Previous Challenge Entry (Level 4 – Masters)
Topic: WEATHER (07/19/18)
- TITLE: Proverbial Predictions
By Marlene Bonney
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Grandpa stood outside the screened porch door, peering through his spectacles in the stillness of the morning. A mourning dove cooed its lament, followed by a cacophony of chirping birds as if to make up for the deafening silence.
“Gonna rain for sure, Old Fella,” the old man commented to his aging dog, “I feel it in my bones.”
My grandfather was the wisest person ever. I hung on to his words like a worm clinging to a bobbing fish hook. Sure enough, it rained and stormed all that day, even as Gramps settled in his lean-back chair with his throbbing leg joints resting on Grandma’s embroidered pillow.
I was there for my summer vacation from school, enjoying the natural flavor of rural farm life—a far cry from my citified existence—spending time helping with chores and whatnot. As busy and tiring as the day-times were, the lazy evenings stretched out in front of us like a first prize ribbon at the fair. Playing games with Grams & Gramps while we sipped our Root Beer Floats was a memory I carried with me during the following school year. Then, Gramps would pick up his old careworn Bible and read a passage for us to mull over while we slept.
“Billy, Jesus even spoke of weather patterns, like , ‘When you see a cloud rising in the west, immediately you say, 'A shower is coming,' and so it turns out.’ That’s in Luke, chapter 12, boy.”
But that didn’t keep him from his own store of weather wisdom:
‘The higher the clouds, the better the weather.’
‘If the first week of August is unusually warm, the winter will be white and long.’
‘When the dew is on the grass
Rain will never come to pass.’
These were some of his favorite oft repeated sayings. Old-fashioned or superstitious nonsense some would say, but to me they were more true than the Old Farmer’s Almanac setting, all dusty, on a corner shelf in Grandma’s parlor.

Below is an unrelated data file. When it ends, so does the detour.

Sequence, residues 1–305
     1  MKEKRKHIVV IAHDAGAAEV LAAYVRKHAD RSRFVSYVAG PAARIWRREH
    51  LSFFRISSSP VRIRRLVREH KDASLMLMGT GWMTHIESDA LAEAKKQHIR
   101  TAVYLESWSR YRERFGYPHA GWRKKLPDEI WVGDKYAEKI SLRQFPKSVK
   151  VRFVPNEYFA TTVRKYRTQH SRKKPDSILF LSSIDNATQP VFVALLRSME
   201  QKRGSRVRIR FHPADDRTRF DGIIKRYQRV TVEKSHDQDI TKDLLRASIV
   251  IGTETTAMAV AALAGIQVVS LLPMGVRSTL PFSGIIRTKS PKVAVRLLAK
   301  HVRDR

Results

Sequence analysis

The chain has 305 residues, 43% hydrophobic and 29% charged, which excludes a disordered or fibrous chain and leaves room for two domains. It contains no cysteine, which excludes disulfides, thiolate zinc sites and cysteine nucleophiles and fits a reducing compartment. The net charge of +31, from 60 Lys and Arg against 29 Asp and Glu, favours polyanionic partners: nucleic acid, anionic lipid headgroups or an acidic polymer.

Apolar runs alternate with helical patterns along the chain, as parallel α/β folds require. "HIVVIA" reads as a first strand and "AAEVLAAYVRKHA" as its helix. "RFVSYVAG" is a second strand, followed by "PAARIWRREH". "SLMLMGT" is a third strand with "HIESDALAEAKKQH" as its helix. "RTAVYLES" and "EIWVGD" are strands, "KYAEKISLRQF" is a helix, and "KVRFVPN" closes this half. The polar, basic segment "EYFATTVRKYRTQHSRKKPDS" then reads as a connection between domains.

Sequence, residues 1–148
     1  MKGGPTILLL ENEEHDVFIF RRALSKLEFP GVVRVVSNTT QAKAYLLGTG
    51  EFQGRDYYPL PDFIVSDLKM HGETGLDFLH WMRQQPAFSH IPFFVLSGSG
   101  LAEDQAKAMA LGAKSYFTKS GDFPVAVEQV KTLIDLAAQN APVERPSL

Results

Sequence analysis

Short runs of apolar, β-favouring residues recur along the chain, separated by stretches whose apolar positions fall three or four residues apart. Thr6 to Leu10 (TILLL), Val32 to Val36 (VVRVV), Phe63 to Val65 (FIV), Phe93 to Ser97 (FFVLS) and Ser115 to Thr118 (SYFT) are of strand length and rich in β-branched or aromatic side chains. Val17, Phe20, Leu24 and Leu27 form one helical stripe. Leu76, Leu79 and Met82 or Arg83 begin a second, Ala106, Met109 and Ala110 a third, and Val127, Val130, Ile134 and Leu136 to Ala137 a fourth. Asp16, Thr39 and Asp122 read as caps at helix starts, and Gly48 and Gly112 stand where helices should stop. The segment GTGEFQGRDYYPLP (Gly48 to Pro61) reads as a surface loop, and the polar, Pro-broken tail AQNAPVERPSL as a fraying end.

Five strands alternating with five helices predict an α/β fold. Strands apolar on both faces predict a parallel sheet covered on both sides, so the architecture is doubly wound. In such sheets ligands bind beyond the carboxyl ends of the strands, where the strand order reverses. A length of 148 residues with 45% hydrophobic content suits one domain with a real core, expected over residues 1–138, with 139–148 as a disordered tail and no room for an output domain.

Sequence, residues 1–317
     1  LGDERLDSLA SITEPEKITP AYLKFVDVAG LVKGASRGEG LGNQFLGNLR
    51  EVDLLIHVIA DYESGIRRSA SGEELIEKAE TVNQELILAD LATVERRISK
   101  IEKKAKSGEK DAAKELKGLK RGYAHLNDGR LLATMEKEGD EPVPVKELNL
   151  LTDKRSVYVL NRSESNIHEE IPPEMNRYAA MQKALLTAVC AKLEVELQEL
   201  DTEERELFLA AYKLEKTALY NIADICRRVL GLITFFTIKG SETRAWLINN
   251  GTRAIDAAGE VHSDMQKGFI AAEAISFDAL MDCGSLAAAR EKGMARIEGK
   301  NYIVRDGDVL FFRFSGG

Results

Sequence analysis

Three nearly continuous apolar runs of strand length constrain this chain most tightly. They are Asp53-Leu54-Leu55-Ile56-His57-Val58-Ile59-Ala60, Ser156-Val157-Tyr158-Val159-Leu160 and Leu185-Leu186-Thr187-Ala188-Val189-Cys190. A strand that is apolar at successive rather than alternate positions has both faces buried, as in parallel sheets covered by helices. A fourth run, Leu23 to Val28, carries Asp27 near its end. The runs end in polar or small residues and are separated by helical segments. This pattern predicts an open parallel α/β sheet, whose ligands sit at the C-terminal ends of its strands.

My parents would roll their eyes when I would look out our clapboard house windows—we lived just inside the city limits—and repeat Gramps’ weather predictions, but soon appreciated my forecasts—especially that winter. . .
It was Thanksgiving Break. Mom was having trouble peeling some of our orchard apples and my mouth was watering for the scrumptious pies she would make.
“Ma, did you know that the thicker the apple skin, the colder the winter?”
“Yes, honey, and also according to your grandfather, which I’m not saying I believe, mind you, our flowers still blooming outside indicate a bad winter.”
I went outdoors for some further investigating of my own. That’s when I found HUGE cones on the ground around and under a pine tree bordering our yard. And, sure enough, the acorns spread across the lawn from our oak tree wouldn’t crush when I stomped on them. Grandpa’s words echoed from somewhere in my brain like my voice does when I climb down our old dry well:
‘Remember, Billy, extra-large pine cones and thicker acorn shells man an extra-cold and severe winter.’
On the way back to the house, I saw a caterpillar creeping across our gravel driveway with furry black bands at each end with only a tiny reddish-brown stripe in its middle.
“That settles it, Dad, we’re in for a real doozy of a winter—wouldn’t be surprised if we even saw a blizzard or two.”
“Okay, okay, Son. If that’s the case, I guess you’d better get out there and get to chopping up that cord of wood for our pot-belly stove and stock up the shed. Oh, and don’t forget to help your mother with the extra canning and pantry filling,” trying to hide the rolled eyes and lopsided grin as he turned away.
“Oh, MAN!” I complained as I saw the remainder of my Christmas vacation full of back-breaking work instead of the usual freedom of doing nothing and being bored, “There are child labor laws you know, Pa. . .”
I had the last laugh. That winter was the snowiest, coldest, and blizzardy in half a century.
But He replied to them, "When it is evening, you say, 'It will be fair weather, for the sky is red.'
"And in the morning, 'There will be a storm today, for the sky is red and threatening.' Do you know how to discern the appearance of the sky, but cannot discern the signs of the times?
And He was also saying to the crowds, "When you see a cloud rising in the west, immediately you say, 'A shower is coming,' and so it turns out.
"And when you see a south wind blowing, you say, 'It will be a hot day,' and it turns out that way.
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